Alarming footage shows drunk passengers risking their lives with train track plunges in warning to Christmas commuters

In the chilling clip a man is seen teetering dangerously close to the edge of a platform, apparently trying to see if a train is coming.

Wobbling, he cranes his neck as he gets closer to the side before plunging headfirst onto the tracks.

Station staff are then seen rushing to his aid as panicked passengers point to the drunk man lying perilously on the tracks.

He finally climbs back onto the platform unaided – narrowly avoiding an oncoming train that horrifyingly rushes past just seconds later.

Network Rail released the CCTV footage in partnership with British Transport Police to encourage party-goers to be more vigilant in the festive season.

New figures reveal that between Christmas and New Year the number of alcohol-fuelled violent offences at railway stations have more than double in the past two years.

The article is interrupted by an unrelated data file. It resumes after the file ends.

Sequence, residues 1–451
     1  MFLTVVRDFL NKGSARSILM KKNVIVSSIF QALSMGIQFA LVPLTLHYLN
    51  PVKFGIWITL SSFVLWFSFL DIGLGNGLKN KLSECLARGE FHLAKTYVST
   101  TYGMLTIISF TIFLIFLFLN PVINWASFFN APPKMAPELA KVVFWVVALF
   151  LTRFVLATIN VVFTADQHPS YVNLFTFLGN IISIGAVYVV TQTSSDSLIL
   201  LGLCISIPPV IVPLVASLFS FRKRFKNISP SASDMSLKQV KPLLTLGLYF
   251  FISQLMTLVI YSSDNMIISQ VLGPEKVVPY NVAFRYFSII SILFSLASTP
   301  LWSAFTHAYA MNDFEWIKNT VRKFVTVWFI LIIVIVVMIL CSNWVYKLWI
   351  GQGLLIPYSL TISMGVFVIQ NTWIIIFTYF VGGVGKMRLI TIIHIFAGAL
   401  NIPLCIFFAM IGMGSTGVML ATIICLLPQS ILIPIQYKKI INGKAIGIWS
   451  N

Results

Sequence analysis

A total of 21 people have died in alcohol-related incidents on station platforms, or between platforms or trains over the last ten years – while many more have been severely injured by slips, trips or falls in train stations.

Allan Spence, head of public and passenger safety at Network Rail, urged people to look after themselves and their friends on their way home from parties and the pub.

“After a few drinks people often take greater risks, which can frequently, lead to people getting hurt or even killed.

“Travelling home by train is absolutely the safest way. But we have seen drunk people taking a short cut across the tracks, chancing it at level crossings or falling between a train and the platforms.

"Even escalators see more drink-fuelled accidents. Please take care of yourself and your friends – don’t let that last drink cause bad decisions. Be a ‘First Class Mate’ and look out for those making their way home by train that may have had one too many.”

In response to the surge in incidents, Drinkaware will also be training Network Rail staff at some of the UK’s busiest stations to give them extra skills to recognise and support people who may be intoxicated.

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